I know this man fairly well now; we go out to dinner once or twice a year to catch up. We've never spoken about that day. Whether he had planned to do the evals at the beginning of class all along, or whether he did it to buy me additional time, I suppose I'll never know. Perhaps he doesn't even remember it. But I do. And not just because it was embarrassing. (So embarrassing!) I'll remember because it was one of those moments when a random act of kindness seemed so unexpectedly necessary and perfect that all I could think was "I love you." What I meant was, "Thank you. I am struggling so much right now, and I desperately needed someone to see that and help me, just a little. Thank you for your sensitivity, your kindness, your willingness to be a person and acknowledge my frailty and not make a thing of it, but to accommodate me all the same. I see the goodness in you, and I love that you acted from that best place in yourself."
I wasn't going to write to you tonight, dear reader. I have a migraine so bad my teeth are throbbing, but when I read that part of Alyssa's book about the drawing, it triggered this flood in me. I thought of March and Patty and that first drawing, of the delighted grateful email I got today from someone who had received their package from me, of all the tiny vials of scent in carefully curated packages we all send each other every day, U.S. postal restrictions be damned, and I could see in my mind this swirling mass of colorful goodwill flowing between us, tying us all together, and I couldn't help myself. I had to sit down and write to you, right now, to say this:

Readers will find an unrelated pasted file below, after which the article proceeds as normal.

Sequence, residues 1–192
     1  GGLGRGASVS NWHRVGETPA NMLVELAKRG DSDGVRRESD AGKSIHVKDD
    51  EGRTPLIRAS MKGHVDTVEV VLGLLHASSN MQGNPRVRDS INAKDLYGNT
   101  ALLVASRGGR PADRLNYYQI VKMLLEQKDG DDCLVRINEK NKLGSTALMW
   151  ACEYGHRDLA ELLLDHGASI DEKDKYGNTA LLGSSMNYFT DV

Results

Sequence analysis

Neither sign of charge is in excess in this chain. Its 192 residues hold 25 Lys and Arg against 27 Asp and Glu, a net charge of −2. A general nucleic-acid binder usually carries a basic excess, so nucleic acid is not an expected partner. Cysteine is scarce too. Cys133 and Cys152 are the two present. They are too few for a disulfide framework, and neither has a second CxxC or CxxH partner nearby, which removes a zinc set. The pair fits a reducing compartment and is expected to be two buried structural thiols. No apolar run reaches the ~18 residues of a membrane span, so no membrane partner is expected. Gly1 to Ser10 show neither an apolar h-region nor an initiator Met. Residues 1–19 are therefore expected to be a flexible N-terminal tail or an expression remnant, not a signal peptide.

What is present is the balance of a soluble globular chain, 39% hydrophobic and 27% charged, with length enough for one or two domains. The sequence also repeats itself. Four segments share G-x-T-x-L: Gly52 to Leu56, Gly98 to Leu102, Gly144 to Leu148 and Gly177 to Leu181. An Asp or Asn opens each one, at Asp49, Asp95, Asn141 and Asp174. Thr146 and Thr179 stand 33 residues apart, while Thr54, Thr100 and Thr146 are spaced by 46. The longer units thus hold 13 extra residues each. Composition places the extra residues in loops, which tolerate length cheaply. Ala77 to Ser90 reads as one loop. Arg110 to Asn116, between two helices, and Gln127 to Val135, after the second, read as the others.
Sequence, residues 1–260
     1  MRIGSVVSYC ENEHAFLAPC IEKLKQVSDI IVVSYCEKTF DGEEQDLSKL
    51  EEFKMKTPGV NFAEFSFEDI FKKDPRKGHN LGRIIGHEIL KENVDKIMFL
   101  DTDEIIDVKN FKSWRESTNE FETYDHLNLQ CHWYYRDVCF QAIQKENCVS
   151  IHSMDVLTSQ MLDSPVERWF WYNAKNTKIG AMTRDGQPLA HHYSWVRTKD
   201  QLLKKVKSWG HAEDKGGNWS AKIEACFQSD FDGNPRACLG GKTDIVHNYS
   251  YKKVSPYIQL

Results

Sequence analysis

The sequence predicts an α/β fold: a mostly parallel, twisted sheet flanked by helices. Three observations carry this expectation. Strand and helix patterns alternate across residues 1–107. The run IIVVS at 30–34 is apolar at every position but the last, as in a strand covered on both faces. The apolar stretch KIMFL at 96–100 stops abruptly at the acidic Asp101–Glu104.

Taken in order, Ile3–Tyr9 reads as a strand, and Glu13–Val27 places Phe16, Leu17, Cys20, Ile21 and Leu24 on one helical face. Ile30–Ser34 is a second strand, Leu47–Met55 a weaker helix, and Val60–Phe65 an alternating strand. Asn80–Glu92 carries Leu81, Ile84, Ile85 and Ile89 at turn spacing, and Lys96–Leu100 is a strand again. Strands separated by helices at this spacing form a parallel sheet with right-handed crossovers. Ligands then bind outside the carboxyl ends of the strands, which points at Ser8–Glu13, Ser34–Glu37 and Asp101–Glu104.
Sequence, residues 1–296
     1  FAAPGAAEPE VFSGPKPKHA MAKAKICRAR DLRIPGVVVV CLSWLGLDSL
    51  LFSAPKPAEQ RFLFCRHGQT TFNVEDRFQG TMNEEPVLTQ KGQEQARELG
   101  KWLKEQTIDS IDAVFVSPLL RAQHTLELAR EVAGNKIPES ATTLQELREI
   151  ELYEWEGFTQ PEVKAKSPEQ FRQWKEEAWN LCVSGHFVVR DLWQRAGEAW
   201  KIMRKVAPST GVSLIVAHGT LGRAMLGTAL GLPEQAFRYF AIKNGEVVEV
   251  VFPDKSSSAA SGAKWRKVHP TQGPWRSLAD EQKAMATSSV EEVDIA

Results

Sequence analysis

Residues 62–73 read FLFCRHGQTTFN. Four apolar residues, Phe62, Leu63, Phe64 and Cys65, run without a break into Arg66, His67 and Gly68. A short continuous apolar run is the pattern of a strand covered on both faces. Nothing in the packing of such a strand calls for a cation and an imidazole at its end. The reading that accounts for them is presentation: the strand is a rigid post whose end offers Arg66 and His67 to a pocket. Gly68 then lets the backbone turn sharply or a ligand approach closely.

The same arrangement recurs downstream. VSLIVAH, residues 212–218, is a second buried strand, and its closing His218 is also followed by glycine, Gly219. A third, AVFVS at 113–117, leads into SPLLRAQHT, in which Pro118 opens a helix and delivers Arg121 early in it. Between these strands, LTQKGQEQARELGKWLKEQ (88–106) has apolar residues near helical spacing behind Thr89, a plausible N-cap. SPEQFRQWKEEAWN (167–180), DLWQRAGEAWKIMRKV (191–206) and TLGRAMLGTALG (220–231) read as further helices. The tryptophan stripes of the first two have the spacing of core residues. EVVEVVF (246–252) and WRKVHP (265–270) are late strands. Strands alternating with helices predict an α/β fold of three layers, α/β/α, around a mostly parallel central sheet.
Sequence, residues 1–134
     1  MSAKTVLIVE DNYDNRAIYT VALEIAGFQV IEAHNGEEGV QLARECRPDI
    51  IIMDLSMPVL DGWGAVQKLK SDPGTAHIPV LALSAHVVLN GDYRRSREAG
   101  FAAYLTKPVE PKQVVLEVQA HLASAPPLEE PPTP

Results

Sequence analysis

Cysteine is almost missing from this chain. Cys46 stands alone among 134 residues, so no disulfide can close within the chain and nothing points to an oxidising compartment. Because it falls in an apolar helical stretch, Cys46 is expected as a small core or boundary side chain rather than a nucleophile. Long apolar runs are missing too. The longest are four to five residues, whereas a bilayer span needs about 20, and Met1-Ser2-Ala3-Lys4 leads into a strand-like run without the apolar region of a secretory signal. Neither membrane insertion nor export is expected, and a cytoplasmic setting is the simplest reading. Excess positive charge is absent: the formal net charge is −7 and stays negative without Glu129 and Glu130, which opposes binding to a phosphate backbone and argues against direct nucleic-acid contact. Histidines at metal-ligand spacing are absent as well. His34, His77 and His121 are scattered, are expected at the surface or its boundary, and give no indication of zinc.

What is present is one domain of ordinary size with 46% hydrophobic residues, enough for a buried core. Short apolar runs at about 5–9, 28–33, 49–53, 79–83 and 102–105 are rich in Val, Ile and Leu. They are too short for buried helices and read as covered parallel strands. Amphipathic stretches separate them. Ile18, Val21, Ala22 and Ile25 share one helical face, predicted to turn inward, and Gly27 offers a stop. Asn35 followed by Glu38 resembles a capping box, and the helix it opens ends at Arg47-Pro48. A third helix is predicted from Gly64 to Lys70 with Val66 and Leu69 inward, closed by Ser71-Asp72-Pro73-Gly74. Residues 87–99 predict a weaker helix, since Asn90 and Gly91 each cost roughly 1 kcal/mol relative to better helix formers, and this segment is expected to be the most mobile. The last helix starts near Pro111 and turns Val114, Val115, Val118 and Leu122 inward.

I love you, each and every one of you lovely, lovely people, all out there living your perfumed lives. I may never meet you or know you, but you matter to me. I am grateful for every poorly spelled, typo riddled post you've sloughed through, every comment you've left, every scent you've recommended, or post you've written yourself somewhere for me to find and read and relish. You restore my faith in people, my hope for the future, my confidence in my own life. In a world with more than its share of the rotten, you are the good eggs and you smell as sweet and lovely as your open hearts.
I love you. I love you. I love you.